Demonetisation report card: Pass or fail?

By: Nikita Kochhar
Updated: 08 Dec 2016 01:42 PM
New Delhi:  The central government’s demonetisation scheme which was implemented with a vision ‘to eradicate the black money issue in the country’, now hangs on a different ideology. Akin to Prime Minister Narendra Modi’s speech on November 8, where he clearly said that “Demonetisation of Rs 500 and RS 1000 is being done with an aim to remove black money".

As the perils related to demonetisation are escalating, the government seems to be changing its reasoning as well. Now, the ‘digital India’ vision is being used as a tool to justify demonetisation.


ABP News' senior journalist Sheela Rawal spoke to various former Governors of Reserve Bank of India and all of them had a different take on the same.

Vimal Jalan, Former RBI Governor:

“Black money has already been converted into gold, property, and foreign exchange. How will the black money in its cash form return to the country? He added saying, “In order to reduce the cash crunch problem, the government should introduce a new note of a small denomination between 100 and 500 and 2000”. He also believes that the “exchange of old notes in banks should continue for 6 months at least”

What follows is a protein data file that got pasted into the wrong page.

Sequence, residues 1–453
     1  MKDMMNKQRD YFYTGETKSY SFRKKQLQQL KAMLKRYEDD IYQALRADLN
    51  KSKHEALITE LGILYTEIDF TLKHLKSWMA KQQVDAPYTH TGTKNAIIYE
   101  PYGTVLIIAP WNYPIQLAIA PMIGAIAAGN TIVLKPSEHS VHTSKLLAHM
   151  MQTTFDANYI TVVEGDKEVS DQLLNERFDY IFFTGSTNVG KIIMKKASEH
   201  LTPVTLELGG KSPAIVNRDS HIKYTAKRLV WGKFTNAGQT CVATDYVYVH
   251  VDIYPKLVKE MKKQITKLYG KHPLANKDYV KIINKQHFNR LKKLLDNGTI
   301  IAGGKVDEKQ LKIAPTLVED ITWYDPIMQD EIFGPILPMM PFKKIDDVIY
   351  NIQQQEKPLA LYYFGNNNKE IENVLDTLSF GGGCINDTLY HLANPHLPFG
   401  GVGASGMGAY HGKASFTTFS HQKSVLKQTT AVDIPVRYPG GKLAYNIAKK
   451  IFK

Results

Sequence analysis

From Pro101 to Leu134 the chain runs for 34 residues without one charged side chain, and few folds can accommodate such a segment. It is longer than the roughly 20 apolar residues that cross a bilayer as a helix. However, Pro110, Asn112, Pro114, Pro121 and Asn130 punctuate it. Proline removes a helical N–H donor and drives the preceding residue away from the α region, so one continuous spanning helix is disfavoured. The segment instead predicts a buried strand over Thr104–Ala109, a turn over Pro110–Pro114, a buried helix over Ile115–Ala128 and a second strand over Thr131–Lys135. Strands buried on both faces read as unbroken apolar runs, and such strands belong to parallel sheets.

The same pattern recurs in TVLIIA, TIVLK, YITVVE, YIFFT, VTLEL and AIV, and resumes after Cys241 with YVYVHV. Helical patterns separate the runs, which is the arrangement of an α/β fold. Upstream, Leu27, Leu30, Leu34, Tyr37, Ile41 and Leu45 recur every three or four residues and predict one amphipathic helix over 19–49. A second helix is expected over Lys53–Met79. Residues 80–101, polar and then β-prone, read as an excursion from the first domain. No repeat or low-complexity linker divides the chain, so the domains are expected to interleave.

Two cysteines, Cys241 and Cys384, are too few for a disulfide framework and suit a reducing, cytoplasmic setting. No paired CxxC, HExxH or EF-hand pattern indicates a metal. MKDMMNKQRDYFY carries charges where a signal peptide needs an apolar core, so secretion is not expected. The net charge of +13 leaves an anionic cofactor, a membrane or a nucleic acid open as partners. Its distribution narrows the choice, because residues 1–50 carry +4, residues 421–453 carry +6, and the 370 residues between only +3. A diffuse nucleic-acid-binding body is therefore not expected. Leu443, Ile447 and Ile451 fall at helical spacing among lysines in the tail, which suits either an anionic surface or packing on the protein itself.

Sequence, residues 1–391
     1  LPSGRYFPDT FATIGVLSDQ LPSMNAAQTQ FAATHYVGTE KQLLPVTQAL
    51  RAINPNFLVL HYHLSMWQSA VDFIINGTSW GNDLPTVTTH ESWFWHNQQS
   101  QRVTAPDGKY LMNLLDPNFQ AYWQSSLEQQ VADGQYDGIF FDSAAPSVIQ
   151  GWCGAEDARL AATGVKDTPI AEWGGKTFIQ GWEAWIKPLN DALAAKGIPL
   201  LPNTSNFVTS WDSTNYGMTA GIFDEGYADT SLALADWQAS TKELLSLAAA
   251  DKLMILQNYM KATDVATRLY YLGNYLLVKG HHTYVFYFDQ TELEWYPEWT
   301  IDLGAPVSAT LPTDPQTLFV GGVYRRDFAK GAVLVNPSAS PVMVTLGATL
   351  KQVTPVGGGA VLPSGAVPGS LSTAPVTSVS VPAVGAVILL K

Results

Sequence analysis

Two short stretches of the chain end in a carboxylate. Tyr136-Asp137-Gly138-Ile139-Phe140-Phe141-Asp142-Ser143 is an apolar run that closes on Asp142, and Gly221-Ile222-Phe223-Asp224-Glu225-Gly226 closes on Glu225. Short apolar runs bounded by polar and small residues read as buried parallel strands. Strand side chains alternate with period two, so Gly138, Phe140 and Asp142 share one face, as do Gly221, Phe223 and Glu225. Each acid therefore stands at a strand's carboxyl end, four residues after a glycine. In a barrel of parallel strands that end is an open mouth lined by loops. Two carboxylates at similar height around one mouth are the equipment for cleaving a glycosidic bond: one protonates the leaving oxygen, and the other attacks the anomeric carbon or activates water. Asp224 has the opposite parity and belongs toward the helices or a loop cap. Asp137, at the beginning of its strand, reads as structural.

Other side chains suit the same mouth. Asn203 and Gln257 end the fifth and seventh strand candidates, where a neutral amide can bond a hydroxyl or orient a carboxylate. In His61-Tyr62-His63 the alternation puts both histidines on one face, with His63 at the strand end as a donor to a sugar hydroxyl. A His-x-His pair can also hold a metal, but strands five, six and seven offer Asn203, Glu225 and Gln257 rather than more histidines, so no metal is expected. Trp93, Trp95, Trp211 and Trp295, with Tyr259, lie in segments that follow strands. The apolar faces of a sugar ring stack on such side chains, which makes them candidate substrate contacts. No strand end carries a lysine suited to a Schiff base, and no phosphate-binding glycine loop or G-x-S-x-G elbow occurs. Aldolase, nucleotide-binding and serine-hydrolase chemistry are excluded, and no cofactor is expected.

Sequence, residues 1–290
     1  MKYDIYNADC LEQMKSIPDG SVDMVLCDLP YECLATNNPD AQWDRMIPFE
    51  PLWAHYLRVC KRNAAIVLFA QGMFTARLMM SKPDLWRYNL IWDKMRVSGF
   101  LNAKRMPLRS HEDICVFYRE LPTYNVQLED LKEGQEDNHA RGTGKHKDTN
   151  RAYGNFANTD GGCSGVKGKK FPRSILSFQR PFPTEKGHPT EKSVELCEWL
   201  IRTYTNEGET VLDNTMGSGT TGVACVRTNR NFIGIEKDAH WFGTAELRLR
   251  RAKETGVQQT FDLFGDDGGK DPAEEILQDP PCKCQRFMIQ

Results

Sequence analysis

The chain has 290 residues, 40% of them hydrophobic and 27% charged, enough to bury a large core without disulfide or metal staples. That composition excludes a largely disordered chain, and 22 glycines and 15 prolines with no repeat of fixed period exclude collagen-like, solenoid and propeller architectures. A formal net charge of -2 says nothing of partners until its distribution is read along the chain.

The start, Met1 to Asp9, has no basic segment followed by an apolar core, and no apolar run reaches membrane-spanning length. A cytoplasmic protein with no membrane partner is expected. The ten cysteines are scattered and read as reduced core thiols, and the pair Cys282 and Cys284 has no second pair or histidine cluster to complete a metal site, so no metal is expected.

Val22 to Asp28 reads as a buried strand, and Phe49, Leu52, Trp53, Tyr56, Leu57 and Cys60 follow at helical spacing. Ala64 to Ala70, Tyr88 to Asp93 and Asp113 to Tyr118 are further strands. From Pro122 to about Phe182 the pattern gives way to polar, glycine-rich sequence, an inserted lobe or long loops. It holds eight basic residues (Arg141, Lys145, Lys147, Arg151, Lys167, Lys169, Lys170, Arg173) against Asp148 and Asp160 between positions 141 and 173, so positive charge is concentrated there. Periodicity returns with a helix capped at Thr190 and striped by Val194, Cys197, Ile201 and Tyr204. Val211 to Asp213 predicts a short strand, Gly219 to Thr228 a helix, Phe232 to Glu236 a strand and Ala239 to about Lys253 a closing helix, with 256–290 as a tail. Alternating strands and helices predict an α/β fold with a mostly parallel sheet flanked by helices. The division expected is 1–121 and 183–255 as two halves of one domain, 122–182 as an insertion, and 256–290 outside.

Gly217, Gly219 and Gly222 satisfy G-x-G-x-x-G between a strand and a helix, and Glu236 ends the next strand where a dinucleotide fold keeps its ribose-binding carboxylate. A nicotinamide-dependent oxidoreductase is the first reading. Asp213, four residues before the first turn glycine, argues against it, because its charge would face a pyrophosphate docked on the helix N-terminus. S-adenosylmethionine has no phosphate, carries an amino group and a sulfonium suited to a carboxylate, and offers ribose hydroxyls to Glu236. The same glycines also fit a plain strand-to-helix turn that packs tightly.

Usha Thorat, Former RBI Governor:

“The value of black money stacked in foreign banks has been zeroed after demonetisation”. Eighty percent (80%) of money needs to be changed”. She also said that, “It would take at least two more months to normalise the situation in the country”

D Subbarao, Foreigner Governor, RBI:

“There is no credible figure of stored black money. World bank gave a figure of Rs 37.5 lakh crore of black money in 2007, which is 23.2% of the GDP. The 16% of tax was not levied on this money, that is why it got turned into black money”.

KC Chakrabarty, Former Governor, RBI:

“If situation doesn’t normalise, it won’t be good for GDP. Even today the country runs on cash. The transactions in most of the country happen in cash, and if sufficient amount of cash isn’t available in the market, this would certainly lead to fall in GDP”.

There is no exact figure of how much black money is stacked. Even RBI Governor Urjit Patel’s statement on Wednesday clearly stated that “there is a crunch of cash”.

In order to solve this mushrooming problem, the government needs to send money with an emergency action plan in the remotest areas of the country.

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